And there are suggestions in the article on how does one can combat it. Keeping it in is NOT one of the solutions. In fact, the medical professionals interviewed for the article suggests that keeping it in will not only lead to discomfort but also more bloating and pain. It may even lead to inflammation of the colon. So, one have to learn to let it go. Aye…. feel better now?
Avoid salty and fatty food and drink more water. But wait. Did we not know that food served on the plane are normally more savory? Read here for our take on that. How about walking about the plane to ‘improve the flow’? FAA regulations discourage ‘loitering’ about the plane… Perhaps anti-gas medication is indeed one of the better solutions but we personally would not consider it. We still think the ability to let go is best.
Afterall, when you are on your journey you want to be in the pink of health when you arrive at your destination. Nothing is worse than being cramped up when you land. If there is need to visit the lavatory more often on the plane, so be it. Don’t hold back, its good for you.
Hmm…wonder if the same effect takes place when we get to places of high altitude? HAFE you experienced this when you fly?
You might recall that we mentioned briefly in our post on gorgeous airline food (read here) that one’s sense of taste appears to be ‘dumbed’ down from the altitude (and perhaps attitude) and also the high decibel sound in the cabin.
And you might also have read that, when flying try to avoid drinking alcholic beverages.
What if the airline you were flying with tells you they have brewed a fine draft that has been crafted to taste its best at 35,000 feet in the air? The daily mail’s article tells that this is being served to first and business class passengers for selected flights between March and April. So by now, this offer is over…
But today the point of our post is not how to have a beery good drink 10km up in the atmosphere.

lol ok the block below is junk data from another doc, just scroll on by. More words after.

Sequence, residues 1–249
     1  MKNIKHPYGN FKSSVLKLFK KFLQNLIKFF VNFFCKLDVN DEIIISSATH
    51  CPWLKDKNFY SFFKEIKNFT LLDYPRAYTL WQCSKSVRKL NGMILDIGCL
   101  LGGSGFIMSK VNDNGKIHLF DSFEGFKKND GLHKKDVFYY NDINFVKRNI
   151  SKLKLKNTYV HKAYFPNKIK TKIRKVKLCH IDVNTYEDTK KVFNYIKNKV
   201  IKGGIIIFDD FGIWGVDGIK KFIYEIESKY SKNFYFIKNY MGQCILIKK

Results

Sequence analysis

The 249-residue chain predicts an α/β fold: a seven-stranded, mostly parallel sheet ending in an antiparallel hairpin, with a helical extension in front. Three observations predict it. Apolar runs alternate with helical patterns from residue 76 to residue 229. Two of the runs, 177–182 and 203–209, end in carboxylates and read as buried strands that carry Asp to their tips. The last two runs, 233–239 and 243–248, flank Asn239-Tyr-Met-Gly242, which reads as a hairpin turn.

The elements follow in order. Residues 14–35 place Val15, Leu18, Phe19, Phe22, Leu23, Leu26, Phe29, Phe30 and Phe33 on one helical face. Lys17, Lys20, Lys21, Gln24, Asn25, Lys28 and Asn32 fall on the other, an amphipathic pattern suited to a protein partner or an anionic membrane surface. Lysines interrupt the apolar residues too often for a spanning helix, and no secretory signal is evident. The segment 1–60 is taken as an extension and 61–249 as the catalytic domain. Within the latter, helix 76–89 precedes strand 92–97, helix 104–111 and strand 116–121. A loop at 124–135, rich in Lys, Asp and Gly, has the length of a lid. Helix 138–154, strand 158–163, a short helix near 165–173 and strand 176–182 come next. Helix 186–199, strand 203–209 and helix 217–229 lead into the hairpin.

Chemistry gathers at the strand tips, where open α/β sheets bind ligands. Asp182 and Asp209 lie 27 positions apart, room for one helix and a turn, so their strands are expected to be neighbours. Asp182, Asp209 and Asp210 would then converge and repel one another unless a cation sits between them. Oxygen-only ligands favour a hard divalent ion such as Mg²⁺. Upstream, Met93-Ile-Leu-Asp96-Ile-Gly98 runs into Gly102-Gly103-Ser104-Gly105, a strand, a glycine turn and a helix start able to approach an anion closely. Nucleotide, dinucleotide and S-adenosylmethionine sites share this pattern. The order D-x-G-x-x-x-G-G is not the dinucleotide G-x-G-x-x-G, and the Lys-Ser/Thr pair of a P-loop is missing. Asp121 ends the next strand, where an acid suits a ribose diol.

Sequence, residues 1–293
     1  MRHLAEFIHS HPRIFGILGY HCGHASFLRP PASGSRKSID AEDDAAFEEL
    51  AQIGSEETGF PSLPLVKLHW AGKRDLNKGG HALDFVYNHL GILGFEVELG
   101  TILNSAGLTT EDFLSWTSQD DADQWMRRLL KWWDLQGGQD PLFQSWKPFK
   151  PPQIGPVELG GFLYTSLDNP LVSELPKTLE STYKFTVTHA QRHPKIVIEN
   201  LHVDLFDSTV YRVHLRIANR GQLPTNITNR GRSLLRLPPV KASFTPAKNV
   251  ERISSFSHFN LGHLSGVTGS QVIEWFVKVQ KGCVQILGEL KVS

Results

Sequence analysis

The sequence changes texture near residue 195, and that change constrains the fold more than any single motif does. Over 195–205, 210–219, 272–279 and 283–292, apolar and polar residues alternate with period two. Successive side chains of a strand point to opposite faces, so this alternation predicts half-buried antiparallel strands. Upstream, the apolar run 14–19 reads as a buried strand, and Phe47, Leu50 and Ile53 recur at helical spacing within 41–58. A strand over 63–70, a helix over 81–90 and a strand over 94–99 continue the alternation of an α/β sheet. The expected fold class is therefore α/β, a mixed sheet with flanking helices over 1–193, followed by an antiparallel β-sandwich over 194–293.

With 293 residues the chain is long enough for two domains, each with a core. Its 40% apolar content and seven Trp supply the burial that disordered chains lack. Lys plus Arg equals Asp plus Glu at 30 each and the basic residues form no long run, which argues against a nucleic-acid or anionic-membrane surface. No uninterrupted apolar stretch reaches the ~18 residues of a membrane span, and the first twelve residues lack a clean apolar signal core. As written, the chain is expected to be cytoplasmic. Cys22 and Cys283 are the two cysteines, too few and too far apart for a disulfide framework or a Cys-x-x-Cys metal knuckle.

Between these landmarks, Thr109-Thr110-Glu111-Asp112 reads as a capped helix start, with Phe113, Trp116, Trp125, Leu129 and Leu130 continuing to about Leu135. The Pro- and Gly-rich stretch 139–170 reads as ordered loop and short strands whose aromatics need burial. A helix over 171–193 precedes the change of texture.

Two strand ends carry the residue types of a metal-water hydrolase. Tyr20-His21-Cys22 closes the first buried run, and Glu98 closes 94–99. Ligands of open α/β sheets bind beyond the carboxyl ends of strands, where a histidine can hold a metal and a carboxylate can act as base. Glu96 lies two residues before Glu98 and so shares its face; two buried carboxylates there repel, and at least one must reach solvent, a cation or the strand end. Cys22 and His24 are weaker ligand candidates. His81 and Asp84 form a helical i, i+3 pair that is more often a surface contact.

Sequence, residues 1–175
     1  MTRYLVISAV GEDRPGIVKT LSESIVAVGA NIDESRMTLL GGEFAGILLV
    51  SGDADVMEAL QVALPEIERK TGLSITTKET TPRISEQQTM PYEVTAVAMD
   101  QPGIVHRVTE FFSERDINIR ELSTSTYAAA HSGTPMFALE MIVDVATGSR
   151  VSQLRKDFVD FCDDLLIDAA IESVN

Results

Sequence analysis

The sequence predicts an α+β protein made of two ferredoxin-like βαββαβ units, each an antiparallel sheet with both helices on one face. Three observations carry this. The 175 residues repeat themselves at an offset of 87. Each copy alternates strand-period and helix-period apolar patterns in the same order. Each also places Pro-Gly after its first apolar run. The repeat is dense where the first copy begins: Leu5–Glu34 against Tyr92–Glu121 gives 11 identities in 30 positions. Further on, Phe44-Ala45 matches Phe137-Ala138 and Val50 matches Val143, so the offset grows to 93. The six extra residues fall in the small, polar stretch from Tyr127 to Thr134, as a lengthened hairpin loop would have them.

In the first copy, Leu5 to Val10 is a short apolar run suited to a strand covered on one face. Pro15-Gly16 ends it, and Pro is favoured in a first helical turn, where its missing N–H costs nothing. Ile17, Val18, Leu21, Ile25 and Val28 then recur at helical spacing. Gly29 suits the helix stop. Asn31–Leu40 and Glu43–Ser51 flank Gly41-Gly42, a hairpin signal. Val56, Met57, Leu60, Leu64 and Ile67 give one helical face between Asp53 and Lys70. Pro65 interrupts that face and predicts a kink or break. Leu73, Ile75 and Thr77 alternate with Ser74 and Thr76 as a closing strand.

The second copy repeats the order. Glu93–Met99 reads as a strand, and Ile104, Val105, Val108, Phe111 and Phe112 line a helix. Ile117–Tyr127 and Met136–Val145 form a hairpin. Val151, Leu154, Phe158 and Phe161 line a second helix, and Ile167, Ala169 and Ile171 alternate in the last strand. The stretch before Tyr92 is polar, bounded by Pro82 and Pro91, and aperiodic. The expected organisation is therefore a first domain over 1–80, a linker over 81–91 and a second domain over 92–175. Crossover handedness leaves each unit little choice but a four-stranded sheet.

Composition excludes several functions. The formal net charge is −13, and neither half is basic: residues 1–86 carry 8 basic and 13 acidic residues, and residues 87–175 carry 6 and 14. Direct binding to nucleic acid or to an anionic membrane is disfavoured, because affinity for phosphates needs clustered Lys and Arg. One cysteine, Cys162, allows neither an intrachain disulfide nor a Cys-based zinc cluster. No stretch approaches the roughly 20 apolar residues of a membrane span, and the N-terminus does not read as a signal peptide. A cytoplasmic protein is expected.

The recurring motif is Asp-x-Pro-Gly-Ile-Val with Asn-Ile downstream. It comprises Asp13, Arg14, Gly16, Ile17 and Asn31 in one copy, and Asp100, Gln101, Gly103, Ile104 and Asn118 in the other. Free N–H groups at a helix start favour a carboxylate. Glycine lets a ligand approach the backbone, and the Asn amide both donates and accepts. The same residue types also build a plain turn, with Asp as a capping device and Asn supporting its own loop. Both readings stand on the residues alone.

There is much debate about the affects of alcohol on the health of passengers when flying. Some cited research suggests that with low air pressure from the altitude, our blood is effectived thinned. This is said to accentuate the affects of alcohol. Others disagreeing, believe that the air with lower oxygen level leaves less of this vital element in your brain leading to intoxication. Either way, perhaps this might explain why people get inebriated and exhibit anti social behavior when flying?
A spate of incidents on planes in the last 12 months had prompted some airports to even consider banning alcohol not just on planes but also in the terminal itself! We had wrote previously about badly behaved passengers.
We have a tipple or two when we fly. Is a drink while flying ok? What do you think?
You might recall that we made mention about how flying dumbs down your sense of taste (read here). Well, yet more articles had been circulating about the health impact of long distance flying. This is probably applicable to road warriors who ply the skies for work.
We are quite ‘avid’ fans of reading the UK Daily Mail, travel section only of course…all to trawl for a good story. And one of their article suggests a wide range of potential health problems afflicting those sitting for long periods in that aluminium can – hurtling at supersonic speeds. Heheh….as if we all did not know of it already.
The list of acronyms representing the different ailments that can afflict one on flights is quite long. And not being medical professionals, we are cannot comment on whether these effects are real and impactful as suggested.
One thing we did note from the article is the amount of UV and cosmic particles one can be exposed to while on a longer haul flight. Wow, 56 minutes of flying is like 20 minutes on a tanning bed…so on an intercontinental flight of 12 hours…Wonder if that would be less if we flew at night? LOL. Seriously, can someone answer that?
The other would how sitting for long periods might lead to increased cardiovascular disease (not just DVT). Sigh, being office workers how are we to avoid sitting down in meetings or at our work desks?
What do you do in your daily lives that may mitigate the effects of flying? Mel and Suan exercise quite regularly. Do you think taking flight will negate the therapeutic effect of the vacation?